Robert N. McClure, Chief Electronics Technician

William C. McCormick, Chief Interior Communications Electrician

Lawrence M. Monger, Chief Torpedoman's Mate

Gerald L. Theriault, Chief Electrician's Mate

Quebert Cormier, Electrician's Mate First Class

Harlan R. Higgins, Engineman First Class

Alline J. Hix, Quartermaster First Class

Paul R. Jackson, Radioman First Class

David Kilpatrick, Engineman First Class

David E. Raney, Torpedoman's Mate First class

David S. Rinehart, Torpedoman's Mate First Class

Charles R. "Doc" Robison, Hospital Corpsman First Class

Amzy D. Tullis, Engineman First Class

Kenneth Turner, Engineman First Class

Michael J. Ward, Fire Control Technician G First Class

Dennis K. "Sugarbear" Watson, Electrician's Mate First Class

Donald J. "Kameeche" Whitehead, Commissaryman First Class

Darrell "Boo" Booher, Electrician's Mate Second Class

Roche W. Dubach, Engineman Second Class

Jerry L. Fralick, Interior Communications Electrician 2nd Class

Richard L. Gosnell, Yeoman Second Class

Michael J. Long, Fire Control Technician G Second Class

Doyle G. Reedy, Engineman Second Class

Richard A. Scanlin, Electronics Technician N Second Class

Joe W. Simmons, Torpedoman's Mate Second Class

Christopher K. Weisel, Electrician's Mate Second Class

William T. Wilkins, Electronics Technician N Second Class

Karl S. Yamaguchi, Commissaryman Second Class

Joseph Cardinale, Torpedoman's Mate Third Class

Dennis Chun, Quartermaster Third Class

Bruce A. Clark, Engineman Third Class

Victor W. Clark, Sonar Technician S (Submarine) Third Class

John F. Daniel, Torpedoman's Mate Third Class

Charles E. Foutch, Radioman Third Class

Frank C. George, Electrician's Mate Third Class

James A. Jacobs, Quartermaster Third Class

Raymond J. Jones, Electrician's Mate Third Class

Bernard Kitchens, Engineman Third Class

Terrence L.Kraus, Interior Communications Electrician 3rd Class

Ronald C. Linton, Engineman Third Class

Wallace P. "Chip" Long, Torpedoman's Mate Third Class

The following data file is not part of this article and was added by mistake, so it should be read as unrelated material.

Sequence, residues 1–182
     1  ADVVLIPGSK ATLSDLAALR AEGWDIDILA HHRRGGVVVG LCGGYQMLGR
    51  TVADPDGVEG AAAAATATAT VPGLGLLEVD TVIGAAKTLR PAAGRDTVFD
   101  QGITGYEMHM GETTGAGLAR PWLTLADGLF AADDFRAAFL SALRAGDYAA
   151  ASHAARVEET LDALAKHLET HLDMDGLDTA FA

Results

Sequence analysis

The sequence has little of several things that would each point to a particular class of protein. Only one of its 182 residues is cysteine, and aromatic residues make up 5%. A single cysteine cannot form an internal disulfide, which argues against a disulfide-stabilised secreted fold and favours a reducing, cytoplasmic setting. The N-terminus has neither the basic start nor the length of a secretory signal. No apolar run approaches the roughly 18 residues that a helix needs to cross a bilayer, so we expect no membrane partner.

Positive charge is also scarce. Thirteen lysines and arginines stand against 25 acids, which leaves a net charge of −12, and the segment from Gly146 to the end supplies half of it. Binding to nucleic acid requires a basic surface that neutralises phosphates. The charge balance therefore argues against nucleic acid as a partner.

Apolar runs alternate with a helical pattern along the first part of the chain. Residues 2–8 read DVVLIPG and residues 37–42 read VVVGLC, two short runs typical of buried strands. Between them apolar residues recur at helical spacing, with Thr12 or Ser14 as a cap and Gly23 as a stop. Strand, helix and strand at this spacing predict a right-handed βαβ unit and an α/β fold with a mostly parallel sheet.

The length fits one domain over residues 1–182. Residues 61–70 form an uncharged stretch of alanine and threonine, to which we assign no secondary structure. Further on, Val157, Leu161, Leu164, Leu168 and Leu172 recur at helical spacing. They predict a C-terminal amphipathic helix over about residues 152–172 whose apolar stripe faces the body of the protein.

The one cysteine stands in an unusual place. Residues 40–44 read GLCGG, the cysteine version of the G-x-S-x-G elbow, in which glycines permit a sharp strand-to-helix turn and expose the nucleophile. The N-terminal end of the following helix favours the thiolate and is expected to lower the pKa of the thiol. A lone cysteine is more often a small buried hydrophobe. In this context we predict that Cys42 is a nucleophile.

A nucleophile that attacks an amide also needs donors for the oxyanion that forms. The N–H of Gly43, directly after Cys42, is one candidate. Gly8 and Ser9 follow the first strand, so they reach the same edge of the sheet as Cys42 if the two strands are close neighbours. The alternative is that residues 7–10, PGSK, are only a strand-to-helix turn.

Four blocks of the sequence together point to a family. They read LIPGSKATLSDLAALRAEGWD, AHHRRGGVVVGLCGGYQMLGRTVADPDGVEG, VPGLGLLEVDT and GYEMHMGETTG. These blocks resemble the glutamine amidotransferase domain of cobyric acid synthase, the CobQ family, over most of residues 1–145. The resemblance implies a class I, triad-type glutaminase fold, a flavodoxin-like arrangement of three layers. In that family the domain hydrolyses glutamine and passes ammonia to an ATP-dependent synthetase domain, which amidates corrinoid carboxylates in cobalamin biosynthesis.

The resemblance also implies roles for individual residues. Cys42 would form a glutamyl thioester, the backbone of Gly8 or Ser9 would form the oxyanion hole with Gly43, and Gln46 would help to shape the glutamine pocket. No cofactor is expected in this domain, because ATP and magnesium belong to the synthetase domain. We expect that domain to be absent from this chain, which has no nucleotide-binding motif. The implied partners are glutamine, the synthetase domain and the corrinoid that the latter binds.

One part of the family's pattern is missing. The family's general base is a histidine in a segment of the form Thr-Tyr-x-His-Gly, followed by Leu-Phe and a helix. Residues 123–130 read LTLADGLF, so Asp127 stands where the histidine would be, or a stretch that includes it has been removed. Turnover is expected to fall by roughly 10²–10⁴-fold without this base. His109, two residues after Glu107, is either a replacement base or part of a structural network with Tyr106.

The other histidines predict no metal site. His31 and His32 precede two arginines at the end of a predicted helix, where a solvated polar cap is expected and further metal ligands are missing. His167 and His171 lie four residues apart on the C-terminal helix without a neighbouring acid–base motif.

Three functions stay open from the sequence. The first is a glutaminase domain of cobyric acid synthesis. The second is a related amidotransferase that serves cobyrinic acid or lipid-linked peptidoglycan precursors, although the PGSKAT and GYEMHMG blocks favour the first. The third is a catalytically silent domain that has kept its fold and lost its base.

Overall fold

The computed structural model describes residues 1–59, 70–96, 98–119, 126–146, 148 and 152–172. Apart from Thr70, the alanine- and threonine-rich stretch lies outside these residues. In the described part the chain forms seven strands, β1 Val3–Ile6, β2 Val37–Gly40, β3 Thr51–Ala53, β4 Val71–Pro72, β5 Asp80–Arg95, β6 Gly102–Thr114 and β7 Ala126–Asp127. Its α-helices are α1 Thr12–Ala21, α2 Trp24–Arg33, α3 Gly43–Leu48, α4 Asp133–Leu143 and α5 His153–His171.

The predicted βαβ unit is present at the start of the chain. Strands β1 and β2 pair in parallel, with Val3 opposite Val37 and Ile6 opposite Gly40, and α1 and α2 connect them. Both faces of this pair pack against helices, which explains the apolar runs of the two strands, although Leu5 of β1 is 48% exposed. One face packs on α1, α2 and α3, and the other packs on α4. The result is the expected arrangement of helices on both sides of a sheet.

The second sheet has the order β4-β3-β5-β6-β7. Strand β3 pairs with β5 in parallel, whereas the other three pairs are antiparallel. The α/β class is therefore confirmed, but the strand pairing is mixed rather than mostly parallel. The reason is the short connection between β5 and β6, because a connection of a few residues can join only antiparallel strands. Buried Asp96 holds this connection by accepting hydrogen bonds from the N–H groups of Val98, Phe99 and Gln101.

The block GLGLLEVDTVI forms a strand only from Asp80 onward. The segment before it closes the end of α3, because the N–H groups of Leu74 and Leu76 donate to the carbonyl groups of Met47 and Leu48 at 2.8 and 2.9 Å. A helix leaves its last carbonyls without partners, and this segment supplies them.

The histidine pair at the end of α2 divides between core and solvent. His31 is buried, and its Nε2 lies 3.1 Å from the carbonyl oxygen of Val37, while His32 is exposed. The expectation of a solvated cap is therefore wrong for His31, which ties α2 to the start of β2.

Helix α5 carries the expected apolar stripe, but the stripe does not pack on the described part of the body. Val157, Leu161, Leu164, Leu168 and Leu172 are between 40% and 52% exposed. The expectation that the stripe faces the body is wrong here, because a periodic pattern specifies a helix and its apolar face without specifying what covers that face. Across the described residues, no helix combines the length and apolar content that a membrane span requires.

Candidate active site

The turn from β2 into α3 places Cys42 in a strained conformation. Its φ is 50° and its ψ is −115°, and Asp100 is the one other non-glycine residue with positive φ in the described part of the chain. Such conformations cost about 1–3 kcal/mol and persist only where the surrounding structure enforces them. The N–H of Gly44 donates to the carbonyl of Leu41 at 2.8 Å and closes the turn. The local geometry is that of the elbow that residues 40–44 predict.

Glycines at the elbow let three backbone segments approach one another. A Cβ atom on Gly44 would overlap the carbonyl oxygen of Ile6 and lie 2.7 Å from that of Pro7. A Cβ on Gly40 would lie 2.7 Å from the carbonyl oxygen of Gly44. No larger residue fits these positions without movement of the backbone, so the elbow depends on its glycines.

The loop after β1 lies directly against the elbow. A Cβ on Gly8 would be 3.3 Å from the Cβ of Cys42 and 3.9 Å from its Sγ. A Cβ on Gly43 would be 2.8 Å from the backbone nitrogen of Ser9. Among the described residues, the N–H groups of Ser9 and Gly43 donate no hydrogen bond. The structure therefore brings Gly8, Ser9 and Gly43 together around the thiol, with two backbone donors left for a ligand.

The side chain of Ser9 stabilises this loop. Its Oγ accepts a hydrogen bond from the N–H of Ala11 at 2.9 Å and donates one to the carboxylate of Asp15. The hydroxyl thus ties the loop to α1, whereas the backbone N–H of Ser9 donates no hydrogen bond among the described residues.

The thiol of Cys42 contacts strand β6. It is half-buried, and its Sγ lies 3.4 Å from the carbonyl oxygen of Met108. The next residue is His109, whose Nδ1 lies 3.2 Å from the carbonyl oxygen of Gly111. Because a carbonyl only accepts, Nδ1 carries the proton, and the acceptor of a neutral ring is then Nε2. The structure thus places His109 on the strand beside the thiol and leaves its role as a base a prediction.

Richard Medicus, Commissaryman Third Class

Virgil J. Pedro, Sonar Technician S (Submarine) Third Class

Donald R. Pew, Engineman Third Class

John M. Poulhaos, Sonar Technician S (Submarine) Third Class

Harold K. Recoy, Radioman Third Class

David C. Smith, Torpedoman's Mate Third Class

Reginald Strickland, Engineman Third Class

John R. Torrison, Yeoman Third Class

David X. Valdez, Machinist's Mate Third Class

Robert J. Welch, Torpedoman's Mate Third Class

Reynaldo D. Canosa, Stewardsman

Edward E. Collins, Fireman

Jose Evangelista, Stewardsman

Glen V. Guster, Fireman

Donald R. Hale, Fireman

Dennis K. Hildebrand, Fireman

Richard G. Hines, Fireman

Robin B. Hyatt, Seaman

Felipe Lazarte, Stewardsman

Clement J. Lindsay, Fireman

Mark A. Nelson, Seaman

John K. Palmer, Seaman

David A. Pollard, Fireman

Ronald D. Reid, Seaman

Dean J. Solbach, Seaman

Leonard "Ski" Wasileski, Seaman

Archi L. Watson, Fireman

The Turks renamed the submarine "Birinci Inonu" and redesignated her "S-346"...then her service in the Turkish Navy commenced.

Ex-USS Threadfin (SS-410) was stricken from the United States Naval Register on 1 August 1973 and Turkey returned the title of the boat to the United States...terminating the loan of the submarine to that nation. Two weeks later, on 15 August 1973, the United States sold former USS Threadfin to Turkey for continued service in their navy.

Birinci Inonu (S-346) served actively in the Turkish Navy until 1998...although it had been reported that her submerged operations had been restricted to periscope depth due to her material condition during the last several years of her operational life.

In 1998 Birinci Inonu (S-346) was decommissioned and removed from the list of active Turkish naval vessels. Subsequently, she was disposed of.

USS Threadfin/Birinci Inonu had a pretty remarkable record when one considers she operated in the world's oceans and seas for almost fifty-four years.